“For if we have been united with him in a death like his, we will certainly also be united with him in a resurrection like his.” (Romans 6:5 NIV)
I admit that I was feeling a little cynical about churches lately. I live on Education Hill in Redmond, which could also be known as “church hill” given the number of churches on 166th Ave. They’re all putting up their signs that say, “Easter service! Come join us!” and my first reaction is, “Nobody wants to come to church.”
Don’t get me wrong; I want to come to church. But I’ve been going to church every Sunday morning since I was in the womb. My reaction comes from feeling that inviting people to church is a really outdated thing to do. To the rest of Americans, Christians don’t act any different than they do, except perhaps to be even less compassionate. Why would my friends want to come to church?
That made me think of a quote that I have always loved, which turns out to be from theologian Howard Thurman: “Don’t ask what the world needs. Ask what makes you come alive and go do it. Because what the world needs is more people who have come alive.” What would make people really want to come to church? If churches were full of people who have come alive! Church would be an irresistible place. And that is, in fact, what Jesus promised us. He said, “I have come that they may have life, and have it to the full” (John 10:10b NIV).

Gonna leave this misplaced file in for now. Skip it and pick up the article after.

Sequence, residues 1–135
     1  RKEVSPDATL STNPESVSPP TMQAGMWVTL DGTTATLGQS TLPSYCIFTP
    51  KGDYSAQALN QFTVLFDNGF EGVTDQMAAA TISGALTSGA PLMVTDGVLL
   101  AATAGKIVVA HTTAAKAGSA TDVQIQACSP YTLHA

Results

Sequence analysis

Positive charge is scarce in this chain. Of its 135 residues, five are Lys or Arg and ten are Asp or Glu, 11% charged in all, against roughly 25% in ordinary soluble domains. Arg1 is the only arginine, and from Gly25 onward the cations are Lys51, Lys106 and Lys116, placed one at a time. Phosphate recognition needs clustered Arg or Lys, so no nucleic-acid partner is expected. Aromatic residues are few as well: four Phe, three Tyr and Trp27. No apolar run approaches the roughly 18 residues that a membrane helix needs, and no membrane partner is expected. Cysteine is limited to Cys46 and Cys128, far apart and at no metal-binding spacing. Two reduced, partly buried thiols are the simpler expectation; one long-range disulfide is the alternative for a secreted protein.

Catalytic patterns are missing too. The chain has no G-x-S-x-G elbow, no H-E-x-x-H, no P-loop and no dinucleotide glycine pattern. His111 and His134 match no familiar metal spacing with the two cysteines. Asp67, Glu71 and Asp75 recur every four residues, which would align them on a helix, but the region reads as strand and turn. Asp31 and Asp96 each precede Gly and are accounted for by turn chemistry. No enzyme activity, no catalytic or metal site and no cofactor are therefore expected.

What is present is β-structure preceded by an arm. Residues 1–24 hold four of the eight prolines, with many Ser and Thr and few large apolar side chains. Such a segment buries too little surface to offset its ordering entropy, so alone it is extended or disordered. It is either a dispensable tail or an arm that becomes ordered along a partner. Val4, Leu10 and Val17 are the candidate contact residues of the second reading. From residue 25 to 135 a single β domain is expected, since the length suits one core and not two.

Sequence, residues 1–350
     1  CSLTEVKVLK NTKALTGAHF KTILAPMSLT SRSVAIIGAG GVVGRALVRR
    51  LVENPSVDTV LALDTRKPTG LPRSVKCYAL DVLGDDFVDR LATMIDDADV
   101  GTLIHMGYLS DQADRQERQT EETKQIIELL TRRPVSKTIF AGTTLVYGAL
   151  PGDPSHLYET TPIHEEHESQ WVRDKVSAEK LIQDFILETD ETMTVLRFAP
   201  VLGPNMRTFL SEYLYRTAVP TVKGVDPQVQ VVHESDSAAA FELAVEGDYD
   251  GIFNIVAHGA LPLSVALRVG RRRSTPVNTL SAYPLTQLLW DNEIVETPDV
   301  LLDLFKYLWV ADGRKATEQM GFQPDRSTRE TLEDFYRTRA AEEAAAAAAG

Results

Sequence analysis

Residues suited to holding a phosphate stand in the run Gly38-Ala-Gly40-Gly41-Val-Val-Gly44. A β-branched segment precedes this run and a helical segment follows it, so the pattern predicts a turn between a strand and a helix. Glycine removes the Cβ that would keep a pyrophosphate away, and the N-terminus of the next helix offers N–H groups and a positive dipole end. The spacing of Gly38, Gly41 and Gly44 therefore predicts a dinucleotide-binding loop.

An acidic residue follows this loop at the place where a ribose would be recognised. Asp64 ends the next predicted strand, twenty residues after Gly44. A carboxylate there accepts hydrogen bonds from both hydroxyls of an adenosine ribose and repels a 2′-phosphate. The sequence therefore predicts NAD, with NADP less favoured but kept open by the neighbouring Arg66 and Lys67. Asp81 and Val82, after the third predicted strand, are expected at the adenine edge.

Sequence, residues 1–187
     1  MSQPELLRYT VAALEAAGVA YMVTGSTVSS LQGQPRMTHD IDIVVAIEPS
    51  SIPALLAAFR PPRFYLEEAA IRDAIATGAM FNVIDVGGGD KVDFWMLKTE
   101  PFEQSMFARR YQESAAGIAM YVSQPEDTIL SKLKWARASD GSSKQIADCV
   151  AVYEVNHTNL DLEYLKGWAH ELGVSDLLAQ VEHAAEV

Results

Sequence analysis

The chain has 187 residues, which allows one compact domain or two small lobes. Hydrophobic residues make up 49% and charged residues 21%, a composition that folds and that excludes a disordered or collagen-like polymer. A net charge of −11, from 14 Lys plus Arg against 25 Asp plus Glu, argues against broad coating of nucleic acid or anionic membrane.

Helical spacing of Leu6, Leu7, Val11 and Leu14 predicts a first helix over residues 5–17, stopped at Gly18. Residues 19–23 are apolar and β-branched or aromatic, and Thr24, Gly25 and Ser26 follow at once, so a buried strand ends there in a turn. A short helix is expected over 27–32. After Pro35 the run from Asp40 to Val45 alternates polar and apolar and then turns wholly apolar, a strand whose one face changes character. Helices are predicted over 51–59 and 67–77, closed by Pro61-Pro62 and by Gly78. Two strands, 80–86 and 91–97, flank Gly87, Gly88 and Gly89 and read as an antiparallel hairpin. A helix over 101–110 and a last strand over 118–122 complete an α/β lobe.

Yet it is apparent to even the casual observer that most people who claim to be Christians are not living abundantly full lives. We’ve been talking this Lenten season about the addictions in our lives, the things that have more power over us than we intended them to have. These addictions rob us of joy, of life to the full, because they keep us from Jesus. As Doug emphasized, the solution to our problems is all of Jesus. We need the whole Jesus. Trying to take pieces of his teachings or trying to fix ourselves through “behavior management” will not give us life. Paul tells us, “Put to death, therefore, whatever belongs to your earthly nature” (Colossians 3:5a). Jesus tells us to abide (or remain) in him, so that we may bear much fruit (John 15:5).
We admit that we have moral failures. We ask God to remove them. We fill our lives with him instead of them. If that sounds a lot like the 12 steps of Alcoholics Anonymous, then you’re right on track with what we’re learning! A church full of people who are freed from their addictions to power, comfort, being flattered, and the like will be a place full of people who are coming back to life. It will be a place people will want to come, with or without being invited.
I’ve changed my mind on the Easter signs, by the way. Easter is the best day of a Christian’s year. It’s the day we celebrate the resurrection of Jesus, which is the proof that he has power over everything, including the things that are keeping us from being fully alive. We can’t wait until we’re perfect to ask people to join us; we should be so excited that we invite everyone in, even if they don’t yet know why they want to come. So celebrate with abandon – and then go take Jesus up on his offer. He’s still in the resurrection business.